Report on Venezuela, Colombia, Ecuador (05/08/2020)

  1. What is your interest in this project?

             We know that the Latinx population in the United States is seeing a significantly steeper health and economic impact of COVID-19 than any other demographic, and I am no exception to this statistic as I have been recently laid-off from my position. Participating in this project allows me to not only continue to contribute scholarly research to the field, but it’s also giving me the ability to measure the impact of COVID-19 on South/Central American and Caribbean nations in order to encourage action and aid from those in decision-making roles.

2. What have you noticed since the first week you began monitoring and until now?

             There has been a clear pattern in the countries I’ve monitored; the downplaying of the severity of the situation followed by the imposition of sweeping restrictions with little regard for logistics and equity, and then the collapse of an already fragile health-care system under the weight of the suffering and the dead. Infected doctors are waiting in chairs beside their patients for them to die for a chance to use a ventilator, which most developing nations have less than 25% as many as nations like the United States. The state of affairs in these three countries is just as underreported as it is severe.

Below is a brief summary of each country:


The situation in Ecuador is by far one of the most gruesome in the world, with Ecuador being considered the South American epicenter of the virus. With several hundred abandoned bodies in the streets and inside homes, fears of indigenous extinction, and discrepancies over the figures of infection and death, suggest that the actual death toll is upwards of 15 times higher than what is currently being reported and that the impact of COVID-19 will continue to have devastating affects. Despite COVID-19 ravaging their country, Ecuador’s Constitutional Court is operating and working to protect citizens against human rights violations after a series of “inconsistent decisions” made by the Judiciary Council.


COVID-19 strikes Venezuela at a tumultuous political environment rampant with an alleged coup attempt, anti-drug operations, an alleged sea invasion by Venezuela, and long-time ally Iran hauling the diminishing reserves of gold from Venezuela’s vaults.  While Venezuela has reportedly kept the number of deaths low (345 cases of COVID-19 and 10 deaths), this is being heavily debated as misinformation as reporters are being arbitrarily detained. Many Venezuelans are finding that crypto-currencies are further complicating the economic crisis, particularly due to the national crypto-currency, petro, going offline for maintenance, and due to over 20,000 shops and enterprises accepting crypto starting June 1st. Meanwhile, upwards of 12,000 migrants are fleeing Colombia by bus or on foot, all Venezuelan Nationals who had previously immigrated to Colombia to avoid the economic crisis. Prison conditions, which are historically notorious for having deplorable conditions, are worsening due to COVID-19, exemplified by a prison riot in which 45 people were killed and 75 injured.


The political climate in Colombia is also heated due to the Colombian President attempting to usurp local authority power while declaring a national emergency, and failing. Since then, local authority has rivaled the power of the President so strongly that when the President has attempted to restart the economy, the local authorities have categorically rejected the measures. Despite this, Colombia is moving toward partial re-opening by relaxing the strict measures currently in place, including the separation of genders. Colombia saw the failed attempt of an app that tracks active COVID-19 cases, but will be revising and relaunching after partnering with Apple and Alphabet, Inc. Colombia is severely lacking in Personal Protective Equipment (PPE) and according to a poll of insurance companies who were ordered to provide these kits, 80% never did. Colombians are also finding themselves without food, partially due to the embezzlement of emergency funds and due to price gouging, and are hanging red flags of desperation outside their homes to signal the dire need for help.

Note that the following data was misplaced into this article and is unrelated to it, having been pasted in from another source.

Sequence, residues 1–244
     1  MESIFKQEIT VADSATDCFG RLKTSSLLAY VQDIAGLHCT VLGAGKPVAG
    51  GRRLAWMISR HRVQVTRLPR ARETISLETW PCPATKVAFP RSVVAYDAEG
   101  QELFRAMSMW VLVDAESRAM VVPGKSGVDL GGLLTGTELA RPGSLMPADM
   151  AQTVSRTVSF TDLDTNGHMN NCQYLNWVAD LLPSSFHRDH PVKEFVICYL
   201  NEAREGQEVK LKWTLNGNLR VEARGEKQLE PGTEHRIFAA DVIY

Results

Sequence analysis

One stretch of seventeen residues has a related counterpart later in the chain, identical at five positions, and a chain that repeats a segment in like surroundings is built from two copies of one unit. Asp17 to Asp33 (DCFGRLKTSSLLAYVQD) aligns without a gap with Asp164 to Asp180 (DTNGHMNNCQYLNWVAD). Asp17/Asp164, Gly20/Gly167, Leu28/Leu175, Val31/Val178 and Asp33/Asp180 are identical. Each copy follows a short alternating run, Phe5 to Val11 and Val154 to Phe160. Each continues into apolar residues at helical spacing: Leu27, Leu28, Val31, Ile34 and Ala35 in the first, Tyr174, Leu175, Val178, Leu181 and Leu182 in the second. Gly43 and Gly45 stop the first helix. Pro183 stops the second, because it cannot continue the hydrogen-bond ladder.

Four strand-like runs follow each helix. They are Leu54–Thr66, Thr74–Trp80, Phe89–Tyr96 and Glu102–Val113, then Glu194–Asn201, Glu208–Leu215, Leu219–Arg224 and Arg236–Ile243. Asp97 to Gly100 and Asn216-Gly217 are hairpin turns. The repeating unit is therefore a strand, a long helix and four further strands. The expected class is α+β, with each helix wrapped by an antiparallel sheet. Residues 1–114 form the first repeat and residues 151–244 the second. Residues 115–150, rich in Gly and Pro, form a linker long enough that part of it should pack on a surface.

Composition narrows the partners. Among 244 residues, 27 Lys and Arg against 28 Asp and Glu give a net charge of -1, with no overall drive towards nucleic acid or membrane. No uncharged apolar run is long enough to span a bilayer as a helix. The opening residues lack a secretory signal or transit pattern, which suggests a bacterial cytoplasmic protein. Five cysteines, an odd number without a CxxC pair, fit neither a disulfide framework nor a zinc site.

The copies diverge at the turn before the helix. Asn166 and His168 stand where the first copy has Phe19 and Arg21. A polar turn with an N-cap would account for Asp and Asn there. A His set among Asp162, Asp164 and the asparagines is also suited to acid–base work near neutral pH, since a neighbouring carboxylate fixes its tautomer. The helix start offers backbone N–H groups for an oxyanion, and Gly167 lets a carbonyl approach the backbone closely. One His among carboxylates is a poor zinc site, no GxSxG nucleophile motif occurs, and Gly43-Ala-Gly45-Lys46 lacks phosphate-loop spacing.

3. Which situation are you monitoring most closely?

             The humanitarian issues are the most concerning to me, particularly those of the indigenous nations. I spent a week this past December with the Maijuna tribe in Peru, learning about their way of life, the immense challenges they’ve overcome with little outside aid, and the economic success they’ve seen due to combining their roots in environmental preservation and strong business acumen. Indigenous groups like these are being forgotten in the fight for survival and protection, and the inaction of governments translates directly into willful complicity in their extinction. 

4. Is there anything else you would like to add?

             The only thing that remains clear is that as the industrialized nations rush to protect themselves, their health and their economy, from the virus, the rest of the world is continuously and mercilessly pushed aside. Efforts to fight for peace and justice came to halt, supply chains were intentionally disrupted and pirated, and medical relief remains unachievable. As masks, gloves, and other protective equipment become more scarce and in demand, all of our planet’s countries are forced to compete in the same, price-gauged market.

By Victoria De La Torre

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